Salt Horse, Salt Horse, both near and far,
You’re food for ev’ry hard work’d tar;
In strongest brine you have been sunk,
Until as hard an coarse as “Junk;”
To eat such tough and wretched fare,
Would whiten e’en a —– [sic] hair,
Salt Horse, Salt Horse, What brought you here?
Salt horse, salt horse, we’d have you know
That to the “Galley” you must go;
The cook without a sign of grief
Will boil you down, and call you beef;
And, we poor sailors standing near,
Must eat you, though you look so queer;
Salt Horse, Salt Horse, What brought you here? (Davis & Tozer, 86f)
Improperly salted beef, also commonly referred to as “salt junk,” was such an ordinary occurrence on ships that it made its way into shipboard culture. The sea shanty, “The Dead Horse” (also known as “Old Horse,” “Salt Horse,” “Poor Old Man,” or “The Sailor’s Grace”) had many uses and rituals associated with it on both British and American ships. The ditty was often sung on 19th-century American ships when food was being served*. It was typical for greedy stewards to take the first pick of salt meat when a cask was opened, leaving only the poor cuts for the crew; this leftover meat was called “old horse” and the name seems to have originated from a rumor among sailors. In Richard Henry Dana Jr’s memoir, Two Years Before the Mast (1840), he notes that the shanty originated from the rumor of a beef-dealer in Boston who was found guilty of having sold an actual old horse for ships’ stores instead of cattle. The beef-dealer was sentenced to prison for the amount of time it took him to consume all the horse meat he had attempted to sell. Ever since this incident, when sailors received a particularly miserable nugget of meat, they would stab at it viciously “and with an oath that would arrest the attention of [anyone], hold it above the pan and reverently proceed to recite the well-known rhyme” (Stuart, 103).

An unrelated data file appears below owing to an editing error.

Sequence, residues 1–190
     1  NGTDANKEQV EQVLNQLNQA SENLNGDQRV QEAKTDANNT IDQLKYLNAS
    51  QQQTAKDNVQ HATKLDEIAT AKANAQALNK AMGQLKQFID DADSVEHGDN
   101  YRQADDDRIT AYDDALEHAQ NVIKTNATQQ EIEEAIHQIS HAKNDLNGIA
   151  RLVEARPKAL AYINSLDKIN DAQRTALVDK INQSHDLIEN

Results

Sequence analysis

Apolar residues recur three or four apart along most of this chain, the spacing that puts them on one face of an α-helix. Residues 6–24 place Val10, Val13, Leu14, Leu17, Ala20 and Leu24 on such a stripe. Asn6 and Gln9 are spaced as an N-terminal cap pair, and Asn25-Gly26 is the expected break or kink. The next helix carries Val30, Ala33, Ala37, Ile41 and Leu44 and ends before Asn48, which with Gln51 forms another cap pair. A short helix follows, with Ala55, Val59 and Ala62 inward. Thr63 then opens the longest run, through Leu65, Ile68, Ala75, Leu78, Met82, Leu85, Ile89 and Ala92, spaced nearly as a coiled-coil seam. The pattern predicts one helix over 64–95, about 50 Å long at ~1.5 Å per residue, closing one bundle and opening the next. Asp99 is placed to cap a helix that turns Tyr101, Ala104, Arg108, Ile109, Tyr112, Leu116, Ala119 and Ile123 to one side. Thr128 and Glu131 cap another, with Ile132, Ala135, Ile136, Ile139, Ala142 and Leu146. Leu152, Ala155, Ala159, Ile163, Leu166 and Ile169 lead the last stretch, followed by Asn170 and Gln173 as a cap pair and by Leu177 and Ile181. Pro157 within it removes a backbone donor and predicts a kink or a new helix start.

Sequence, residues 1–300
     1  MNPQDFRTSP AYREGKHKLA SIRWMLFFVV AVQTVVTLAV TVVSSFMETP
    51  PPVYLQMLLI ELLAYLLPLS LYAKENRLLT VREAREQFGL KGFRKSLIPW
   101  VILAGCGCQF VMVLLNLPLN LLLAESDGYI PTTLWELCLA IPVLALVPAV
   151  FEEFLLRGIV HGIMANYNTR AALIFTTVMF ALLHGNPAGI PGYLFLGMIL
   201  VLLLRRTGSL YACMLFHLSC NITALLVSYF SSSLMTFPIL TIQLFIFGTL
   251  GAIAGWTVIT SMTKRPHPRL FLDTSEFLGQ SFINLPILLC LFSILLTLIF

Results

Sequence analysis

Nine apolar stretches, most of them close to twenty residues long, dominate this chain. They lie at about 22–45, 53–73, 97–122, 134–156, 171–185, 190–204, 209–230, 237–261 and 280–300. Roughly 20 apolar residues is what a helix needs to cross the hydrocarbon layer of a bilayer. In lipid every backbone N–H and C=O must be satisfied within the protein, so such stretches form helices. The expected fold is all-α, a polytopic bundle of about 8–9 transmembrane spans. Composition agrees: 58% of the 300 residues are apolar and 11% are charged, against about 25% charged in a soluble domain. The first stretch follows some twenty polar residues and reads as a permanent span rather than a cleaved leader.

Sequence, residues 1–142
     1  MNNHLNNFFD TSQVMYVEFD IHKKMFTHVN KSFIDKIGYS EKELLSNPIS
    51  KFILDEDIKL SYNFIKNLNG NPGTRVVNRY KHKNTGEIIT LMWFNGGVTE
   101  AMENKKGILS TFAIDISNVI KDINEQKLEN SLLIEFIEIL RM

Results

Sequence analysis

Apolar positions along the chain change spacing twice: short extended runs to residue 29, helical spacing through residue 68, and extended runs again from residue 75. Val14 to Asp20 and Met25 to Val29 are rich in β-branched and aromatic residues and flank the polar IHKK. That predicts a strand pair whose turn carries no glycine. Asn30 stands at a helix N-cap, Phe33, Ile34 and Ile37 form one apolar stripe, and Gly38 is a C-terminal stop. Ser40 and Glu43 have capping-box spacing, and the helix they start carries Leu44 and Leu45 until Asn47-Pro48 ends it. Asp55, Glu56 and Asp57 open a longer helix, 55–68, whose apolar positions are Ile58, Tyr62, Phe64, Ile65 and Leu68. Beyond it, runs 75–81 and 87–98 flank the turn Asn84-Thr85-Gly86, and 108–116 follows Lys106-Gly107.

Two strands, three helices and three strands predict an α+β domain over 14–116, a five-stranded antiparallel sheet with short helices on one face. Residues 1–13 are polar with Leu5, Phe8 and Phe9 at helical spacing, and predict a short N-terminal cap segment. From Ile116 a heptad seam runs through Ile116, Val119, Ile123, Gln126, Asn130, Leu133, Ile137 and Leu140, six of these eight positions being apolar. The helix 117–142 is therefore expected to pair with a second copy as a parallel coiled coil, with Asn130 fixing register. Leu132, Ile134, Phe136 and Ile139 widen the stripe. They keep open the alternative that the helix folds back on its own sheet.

Many different variations of the shanty exist but here are a few versions:
(From: Frank, Stuart M. Jolly Sailors Bold: Ballads and Songs of the American Sailor. East Windsor, NJ, Cansco Music, 2010.)
*Note: This shanty was sung for other reasons as well, including when the first cask of salt meat was opened on a journey, or when paying off the “dead horse” of debt sailors would often acquire one month before leaving port.